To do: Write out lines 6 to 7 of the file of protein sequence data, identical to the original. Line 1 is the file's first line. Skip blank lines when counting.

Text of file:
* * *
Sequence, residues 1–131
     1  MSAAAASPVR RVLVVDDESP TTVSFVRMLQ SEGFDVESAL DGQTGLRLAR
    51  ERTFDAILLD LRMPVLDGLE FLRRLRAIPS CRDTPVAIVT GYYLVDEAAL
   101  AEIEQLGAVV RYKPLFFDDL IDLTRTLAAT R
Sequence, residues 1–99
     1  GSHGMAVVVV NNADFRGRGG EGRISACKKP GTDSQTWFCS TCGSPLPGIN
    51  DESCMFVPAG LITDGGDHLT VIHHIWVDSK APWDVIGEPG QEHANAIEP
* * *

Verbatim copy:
     1  GSHGMAVVVV NNADFRGRGG EGRISACKKP GTDSQTWFCS TCGSPLPGIN
    51  DESCMFVPAG LITDGGDHLT VIHHIWVDSK APWDVIGEPG QEHANAIEP